Back in Portland, a different new music scene appears to be emerging from various music clubs. The Creative Music Guild has for 15 years hosted out-there jazz and improvisatory music from around the country at jazz clubs and other venues. A number of bands play new music inflected by jazz, rock, or electronica, the most venerable—and fun—being the uncategorizable 3 Leg Torso, who bring their mix of violin, accordion, cello, and percussion to various venues around the region, including summer concerts in parks and neighborhoods. New, young groups like the cello-fueled trio Bright Red Paper are invigorating the indie club scene with music that’s still recognizably based in rock and pop yet appeals to new music types. For two years running, the leading local alternative newspaper, Willamette Week, has voted its best new band award to products of Portland’s long-burgeoning electonica/dance scene: the viola-and laptop/percussion duo Talkdemonic and solo artist Copy. Those performers, and others from the club electronica scene like the music/film ensemble Small Sails, play hip clubs like Holocene, Doug Fir lounge, and Mississippi Studios and are even beginning to tour.
The easiest way to experience Portland rock-related new music is to attend the city’s Time Based Arts festival, which happens in early September. Although TBA is best known for bringing in avant-garde performance artists, dancers, and theatre groups from around the world, it also hosts quite a few local bands that tend to be on the weird side. This year, TBA included street and warehouse performances by the Music Population Orchestra, whose mission is to “bring music that sounds like our time to audiences in clubs, bars, concert halls, streets and every other space that can contain live music in order to help familiarize those who are new to chamber music with what it means and to help broaden the horizons of those who already think they know it.” Founded by 20-something Norwegian immigrant Brede Rørstad, who’s also worked with Third Angle, MPO plays his chamber/electronic hybrid music along with other contemporary sounds.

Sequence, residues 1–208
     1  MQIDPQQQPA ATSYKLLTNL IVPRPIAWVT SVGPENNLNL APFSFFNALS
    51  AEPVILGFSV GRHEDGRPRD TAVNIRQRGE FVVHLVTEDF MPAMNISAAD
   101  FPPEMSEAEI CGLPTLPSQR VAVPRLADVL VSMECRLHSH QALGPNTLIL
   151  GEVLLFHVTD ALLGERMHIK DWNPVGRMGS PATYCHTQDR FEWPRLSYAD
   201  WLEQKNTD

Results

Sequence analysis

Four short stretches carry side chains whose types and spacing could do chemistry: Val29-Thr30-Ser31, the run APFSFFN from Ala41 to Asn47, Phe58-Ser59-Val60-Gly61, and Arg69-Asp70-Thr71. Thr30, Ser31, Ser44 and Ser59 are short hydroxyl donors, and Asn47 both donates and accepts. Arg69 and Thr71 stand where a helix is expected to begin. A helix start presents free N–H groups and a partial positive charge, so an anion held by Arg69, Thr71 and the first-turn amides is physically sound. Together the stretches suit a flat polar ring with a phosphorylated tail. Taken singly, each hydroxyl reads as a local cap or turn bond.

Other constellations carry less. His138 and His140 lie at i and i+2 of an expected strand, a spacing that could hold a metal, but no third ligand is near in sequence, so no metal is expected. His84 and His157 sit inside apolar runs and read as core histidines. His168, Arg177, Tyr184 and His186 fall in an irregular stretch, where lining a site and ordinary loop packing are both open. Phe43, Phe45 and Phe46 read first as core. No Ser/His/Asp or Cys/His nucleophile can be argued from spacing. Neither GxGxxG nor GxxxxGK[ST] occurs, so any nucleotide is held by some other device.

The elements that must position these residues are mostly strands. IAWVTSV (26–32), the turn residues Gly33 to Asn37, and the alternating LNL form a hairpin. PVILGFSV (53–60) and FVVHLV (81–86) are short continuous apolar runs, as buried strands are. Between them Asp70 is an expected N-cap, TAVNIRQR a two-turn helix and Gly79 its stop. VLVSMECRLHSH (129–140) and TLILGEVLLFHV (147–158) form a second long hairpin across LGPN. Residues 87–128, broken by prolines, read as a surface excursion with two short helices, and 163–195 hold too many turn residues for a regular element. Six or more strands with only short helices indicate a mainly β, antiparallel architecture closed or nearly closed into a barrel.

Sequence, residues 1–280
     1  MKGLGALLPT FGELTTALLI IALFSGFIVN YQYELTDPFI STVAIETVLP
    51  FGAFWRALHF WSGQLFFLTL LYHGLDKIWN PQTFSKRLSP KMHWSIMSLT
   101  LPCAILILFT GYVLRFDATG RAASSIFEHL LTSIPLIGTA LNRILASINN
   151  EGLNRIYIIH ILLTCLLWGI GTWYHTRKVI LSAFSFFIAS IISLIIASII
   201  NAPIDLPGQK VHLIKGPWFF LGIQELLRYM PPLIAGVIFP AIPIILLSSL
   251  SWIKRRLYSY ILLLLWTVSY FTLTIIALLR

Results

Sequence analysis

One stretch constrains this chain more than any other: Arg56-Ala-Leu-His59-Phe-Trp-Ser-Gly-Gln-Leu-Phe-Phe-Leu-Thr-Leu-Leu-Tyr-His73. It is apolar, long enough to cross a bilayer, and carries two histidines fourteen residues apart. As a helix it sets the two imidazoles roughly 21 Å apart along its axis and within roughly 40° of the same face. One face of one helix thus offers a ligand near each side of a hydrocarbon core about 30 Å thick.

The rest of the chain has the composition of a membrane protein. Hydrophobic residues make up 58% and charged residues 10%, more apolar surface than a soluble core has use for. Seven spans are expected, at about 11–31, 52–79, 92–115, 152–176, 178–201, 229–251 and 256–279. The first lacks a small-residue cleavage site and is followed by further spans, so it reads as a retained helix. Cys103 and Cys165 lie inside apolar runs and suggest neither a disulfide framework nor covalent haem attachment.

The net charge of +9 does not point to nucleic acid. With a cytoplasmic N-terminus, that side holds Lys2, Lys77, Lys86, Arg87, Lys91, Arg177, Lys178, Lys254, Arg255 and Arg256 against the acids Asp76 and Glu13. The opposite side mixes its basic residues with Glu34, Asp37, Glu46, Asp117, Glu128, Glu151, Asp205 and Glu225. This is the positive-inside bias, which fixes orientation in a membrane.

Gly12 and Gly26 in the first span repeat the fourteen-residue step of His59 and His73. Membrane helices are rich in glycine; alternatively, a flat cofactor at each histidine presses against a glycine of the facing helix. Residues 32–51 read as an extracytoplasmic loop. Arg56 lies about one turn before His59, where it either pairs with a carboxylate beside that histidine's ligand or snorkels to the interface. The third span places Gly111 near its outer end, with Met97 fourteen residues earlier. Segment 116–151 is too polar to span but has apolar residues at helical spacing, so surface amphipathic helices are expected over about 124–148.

MPO, a kind of a mashup of chamber orchestra and rock/electronica band, may signal the future of Portland new music. Portland is famous for its many bridges, and the city is just now beginning to see connections tentatively forming between its two major new music streams—the club/electronica oriented acts and the older, classically informed types. At the moment, it’s mostly visible in overlapping venues like the Wonder Ballroom, in the occasional electronic touches in Third Angle performances, in the use of classical viola or cello in club acts like Talkdemonic. Like new music anywhere, Portland’s version struggles from lack of support by cultural elites, such as arts grantmakers. But the flood of young, hip, creative 20- and 30-somethings moving to this happening city has roiled the musical waters enough to make it likely that Portland will soon see some welcome cross fertilization as musicians from various points of origin—geographic and musical—draw on the city’s increasingly diverse musical streams.
Brett Campbell lives in downtown Portland, Oregon, and covers West Coast performing arts for the Wall Street Journal and other publications.